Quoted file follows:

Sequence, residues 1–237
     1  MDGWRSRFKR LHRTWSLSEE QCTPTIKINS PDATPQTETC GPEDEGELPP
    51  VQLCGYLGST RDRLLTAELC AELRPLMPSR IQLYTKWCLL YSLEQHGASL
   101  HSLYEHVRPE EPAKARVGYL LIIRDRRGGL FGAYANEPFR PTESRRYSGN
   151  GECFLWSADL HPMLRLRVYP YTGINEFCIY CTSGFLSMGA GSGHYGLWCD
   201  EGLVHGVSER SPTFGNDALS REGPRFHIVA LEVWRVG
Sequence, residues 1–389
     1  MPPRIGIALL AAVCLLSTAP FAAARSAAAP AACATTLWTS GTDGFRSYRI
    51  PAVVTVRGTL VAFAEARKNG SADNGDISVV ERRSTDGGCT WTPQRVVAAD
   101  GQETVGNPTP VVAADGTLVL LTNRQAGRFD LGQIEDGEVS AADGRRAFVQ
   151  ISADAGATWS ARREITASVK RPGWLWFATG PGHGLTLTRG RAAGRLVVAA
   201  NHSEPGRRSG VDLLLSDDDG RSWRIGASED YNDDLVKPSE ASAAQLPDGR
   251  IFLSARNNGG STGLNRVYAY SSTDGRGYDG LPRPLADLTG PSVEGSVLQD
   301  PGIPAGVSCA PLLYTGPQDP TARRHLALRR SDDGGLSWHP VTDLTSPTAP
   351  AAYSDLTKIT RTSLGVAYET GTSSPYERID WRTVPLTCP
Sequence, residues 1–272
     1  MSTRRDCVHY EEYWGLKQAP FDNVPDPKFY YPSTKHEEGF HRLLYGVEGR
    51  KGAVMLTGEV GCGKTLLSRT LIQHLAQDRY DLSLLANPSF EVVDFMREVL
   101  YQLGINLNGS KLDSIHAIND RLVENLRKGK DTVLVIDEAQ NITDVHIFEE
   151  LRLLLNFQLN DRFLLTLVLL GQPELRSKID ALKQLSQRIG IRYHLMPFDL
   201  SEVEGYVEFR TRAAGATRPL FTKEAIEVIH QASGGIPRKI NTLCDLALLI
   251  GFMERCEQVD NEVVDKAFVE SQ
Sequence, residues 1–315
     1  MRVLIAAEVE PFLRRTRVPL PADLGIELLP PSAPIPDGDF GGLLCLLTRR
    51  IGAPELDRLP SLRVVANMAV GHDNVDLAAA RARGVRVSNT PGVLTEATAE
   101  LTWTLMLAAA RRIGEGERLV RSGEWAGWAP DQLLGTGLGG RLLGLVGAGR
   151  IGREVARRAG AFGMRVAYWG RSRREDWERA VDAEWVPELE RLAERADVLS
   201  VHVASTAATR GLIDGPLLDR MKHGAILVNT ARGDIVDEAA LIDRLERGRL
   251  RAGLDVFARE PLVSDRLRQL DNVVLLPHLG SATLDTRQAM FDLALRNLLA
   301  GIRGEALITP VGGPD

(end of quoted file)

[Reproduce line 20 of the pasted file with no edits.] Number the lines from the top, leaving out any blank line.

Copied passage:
   151  LRLLLNFQLN DRFLLTLVLL GQPELRSKID ALKQLSQRIG IRYHLMPFDL